Here’s the funny thing: after allowing, and seeming to direct the marchers onto the road, the police then rolled out the mesh, corralled the marchers and then proceeded to make 700 arrests. Here’s a short clip of what looks like the police leading the marchers onto the road (forbidden) section of the bridge:

From my perspective, it certainly looked as if the police were allowing, if not encouraging the protestors to veer off onto the road section of the bridge.

Later, a phalanx of police officers created a wall and then proceeded to make arrests, often targeting people of color who happened to be at the front of that part of the march:

What you can’t see on the second clip is that towards the back, the police had already started rolling out the mesh and corralling (“kettling”) the protestors on the road section of the bridge, so that those who had realized they would be arrested couldn’t retreat and comply by moving over to the pedestrian section of the bridge.

If you heard about this at all you probably only heard that there 700 hundred arrests. Period. No context. Or, alternatively, if you did read about this you might come upon a redacted version. For example, the Daily Kos points out that the New York Times first reported the arrests in this way:

“After allowing them onto the bridge, police cut off and arrested dozens of Occupy Wall Street protesters.”

Later it was changed to say:

“In a tense showdown over the East River, police arrested hundreds of Occupy Wall Street demonstrators after they marched onto the bridge’s Brooklyn-bound roadway.”

It must be difficult for the New York Times to suck and swallow at the same time… (click here for the full Daily Kos expose.)

Finally, this is what pissed me off the most. Here’s a clip of the police arresting a young lady who can’t be more than 12-13 years-old:

What the fuck?!! Whatever your political tendencies, we should be encouraging our youth to question, to think critically, to be civically engaged, not arresting them for having the fuckin’ huevos to speak out. This is what we’ve come to and I know some of you dumb-fuck neocon-twat motherfuckers will justify this nonsense in some way. Our youth should be ashamed of the adult population.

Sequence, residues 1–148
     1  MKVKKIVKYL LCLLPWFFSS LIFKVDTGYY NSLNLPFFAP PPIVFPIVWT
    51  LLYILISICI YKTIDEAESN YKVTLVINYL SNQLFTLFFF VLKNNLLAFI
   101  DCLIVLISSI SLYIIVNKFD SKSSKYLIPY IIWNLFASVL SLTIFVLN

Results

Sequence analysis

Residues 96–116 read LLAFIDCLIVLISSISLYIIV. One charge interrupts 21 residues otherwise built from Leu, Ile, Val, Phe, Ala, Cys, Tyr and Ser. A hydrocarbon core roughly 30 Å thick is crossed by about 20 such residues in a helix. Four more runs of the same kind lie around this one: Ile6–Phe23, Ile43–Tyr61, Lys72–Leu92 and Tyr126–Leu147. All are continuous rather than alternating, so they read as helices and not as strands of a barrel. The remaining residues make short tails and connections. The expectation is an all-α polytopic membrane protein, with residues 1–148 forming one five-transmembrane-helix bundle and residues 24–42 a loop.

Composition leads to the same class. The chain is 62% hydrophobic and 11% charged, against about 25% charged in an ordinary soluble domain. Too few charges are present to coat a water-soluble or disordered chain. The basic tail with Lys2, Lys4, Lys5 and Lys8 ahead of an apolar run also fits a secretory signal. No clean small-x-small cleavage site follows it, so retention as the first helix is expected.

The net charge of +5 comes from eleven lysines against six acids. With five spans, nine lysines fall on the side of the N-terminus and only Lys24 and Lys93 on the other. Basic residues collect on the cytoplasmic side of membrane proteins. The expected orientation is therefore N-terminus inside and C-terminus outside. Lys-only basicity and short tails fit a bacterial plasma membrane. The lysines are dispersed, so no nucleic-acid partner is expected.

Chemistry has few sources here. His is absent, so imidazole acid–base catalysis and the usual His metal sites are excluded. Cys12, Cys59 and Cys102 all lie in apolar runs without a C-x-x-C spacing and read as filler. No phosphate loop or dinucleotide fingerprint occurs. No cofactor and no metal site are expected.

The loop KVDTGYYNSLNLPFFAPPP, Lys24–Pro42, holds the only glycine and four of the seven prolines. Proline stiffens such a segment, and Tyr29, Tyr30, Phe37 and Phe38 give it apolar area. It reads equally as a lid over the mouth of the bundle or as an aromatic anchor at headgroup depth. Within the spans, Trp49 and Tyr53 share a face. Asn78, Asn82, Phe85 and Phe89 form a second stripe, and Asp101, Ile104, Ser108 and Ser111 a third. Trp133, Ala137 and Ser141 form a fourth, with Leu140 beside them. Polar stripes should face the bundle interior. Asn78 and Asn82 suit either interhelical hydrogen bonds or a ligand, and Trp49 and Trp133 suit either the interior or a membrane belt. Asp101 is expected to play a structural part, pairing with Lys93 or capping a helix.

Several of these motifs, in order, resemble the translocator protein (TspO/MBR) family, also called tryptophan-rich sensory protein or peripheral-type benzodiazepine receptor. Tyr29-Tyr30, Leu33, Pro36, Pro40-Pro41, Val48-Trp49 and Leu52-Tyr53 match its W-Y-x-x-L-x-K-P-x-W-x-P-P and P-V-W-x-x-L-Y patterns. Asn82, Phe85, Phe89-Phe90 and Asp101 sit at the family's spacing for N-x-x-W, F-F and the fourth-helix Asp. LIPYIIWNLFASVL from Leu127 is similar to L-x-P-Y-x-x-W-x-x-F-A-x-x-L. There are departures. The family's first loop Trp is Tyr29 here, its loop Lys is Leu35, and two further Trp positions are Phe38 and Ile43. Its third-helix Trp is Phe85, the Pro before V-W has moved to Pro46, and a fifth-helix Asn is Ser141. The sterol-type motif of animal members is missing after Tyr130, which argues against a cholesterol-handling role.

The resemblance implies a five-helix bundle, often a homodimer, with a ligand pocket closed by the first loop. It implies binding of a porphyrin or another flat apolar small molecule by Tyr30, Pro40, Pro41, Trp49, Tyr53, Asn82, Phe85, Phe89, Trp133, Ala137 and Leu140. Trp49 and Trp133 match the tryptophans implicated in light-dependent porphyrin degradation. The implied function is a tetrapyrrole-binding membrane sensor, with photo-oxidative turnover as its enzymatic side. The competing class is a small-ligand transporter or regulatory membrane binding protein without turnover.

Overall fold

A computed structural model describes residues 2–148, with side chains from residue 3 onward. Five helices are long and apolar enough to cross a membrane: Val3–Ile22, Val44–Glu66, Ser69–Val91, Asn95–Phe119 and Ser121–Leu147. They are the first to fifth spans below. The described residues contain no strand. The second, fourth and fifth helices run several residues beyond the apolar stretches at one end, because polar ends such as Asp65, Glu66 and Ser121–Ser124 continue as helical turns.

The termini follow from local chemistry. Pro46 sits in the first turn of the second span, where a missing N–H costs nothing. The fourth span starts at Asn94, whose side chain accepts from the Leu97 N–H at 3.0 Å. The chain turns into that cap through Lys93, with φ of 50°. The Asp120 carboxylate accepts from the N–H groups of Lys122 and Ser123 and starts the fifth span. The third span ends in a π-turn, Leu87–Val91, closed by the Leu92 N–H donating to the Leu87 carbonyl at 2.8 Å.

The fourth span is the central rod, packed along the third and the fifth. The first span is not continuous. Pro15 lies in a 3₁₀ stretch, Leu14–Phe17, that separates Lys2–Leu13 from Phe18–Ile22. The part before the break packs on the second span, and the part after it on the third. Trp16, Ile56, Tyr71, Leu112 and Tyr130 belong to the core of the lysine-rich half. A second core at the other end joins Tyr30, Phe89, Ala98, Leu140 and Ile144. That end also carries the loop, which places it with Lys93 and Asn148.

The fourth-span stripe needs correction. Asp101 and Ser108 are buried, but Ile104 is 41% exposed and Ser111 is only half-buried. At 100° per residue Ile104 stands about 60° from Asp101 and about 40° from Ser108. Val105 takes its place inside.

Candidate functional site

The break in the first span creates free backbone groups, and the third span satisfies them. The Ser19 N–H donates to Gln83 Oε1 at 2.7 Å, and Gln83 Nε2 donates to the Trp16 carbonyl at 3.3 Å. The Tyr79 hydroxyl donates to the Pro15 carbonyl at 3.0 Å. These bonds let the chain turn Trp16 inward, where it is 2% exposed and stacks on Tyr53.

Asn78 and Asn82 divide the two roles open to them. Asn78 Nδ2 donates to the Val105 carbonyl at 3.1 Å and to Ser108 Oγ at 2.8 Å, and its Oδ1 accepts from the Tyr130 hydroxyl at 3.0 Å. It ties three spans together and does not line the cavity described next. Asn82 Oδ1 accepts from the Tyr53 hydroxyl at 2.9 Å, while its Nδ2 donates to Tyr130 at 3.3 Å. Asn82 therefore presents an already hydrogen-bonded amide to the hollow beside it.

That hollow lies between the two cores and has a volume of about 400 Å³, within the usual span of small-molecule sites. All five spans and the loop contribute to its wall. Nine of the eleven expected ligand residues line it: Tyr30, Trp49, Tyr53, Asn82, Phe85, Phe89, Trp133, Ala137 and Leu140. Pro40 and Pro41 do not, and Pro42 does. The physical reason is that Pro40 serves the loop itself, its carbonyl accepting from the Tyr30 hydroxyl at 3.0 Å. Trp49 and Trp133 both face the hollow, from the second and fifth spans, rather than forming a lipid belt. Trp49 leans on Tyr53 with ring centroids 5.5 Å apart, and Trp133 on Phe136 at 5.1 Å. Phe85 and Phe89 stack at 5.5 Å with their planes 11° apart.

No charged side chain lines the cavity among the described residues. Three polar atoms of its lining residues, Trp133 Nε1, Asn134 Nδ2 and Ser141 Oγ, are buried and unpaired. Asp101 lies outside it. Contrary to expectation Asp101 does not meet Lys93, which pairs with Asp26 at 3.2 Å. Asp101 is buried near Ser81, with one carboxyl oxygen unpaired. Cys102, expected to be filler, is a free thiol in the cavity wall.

In other news, we continue to get more support from the unions and there is an informal commitment by Marines to come down to the protests to protect the OWS activists (click here). This Tuesday and Wednesday there will be mass protests. I expect there will be thousands and I expect that the media will continue to ignore us. Today will most likely be a day of rest for OWS.

The weather will soon be turning cold and we need sweat suits or warm clothing. If you can send sweat pants and hoods in size large (that way anyone can wear them), it would be very helpful. We have a postal box and can accept packages of any size:

The UPS Store

Re: Occupy Wall Street

118A Fulton St. #205

New York, NY 10038

Money orders only please, cannot cash checks yet. Non-perishable goods only. We can accept packages of any size. We’re currently low on food.

My name is Eddie and I’m in recovery from civilization…

Resources

Occupy Wall St.: For the latest news and information (click here)

Occupy Together: For information on Occupations happening near you (click here)

For Facebookers click here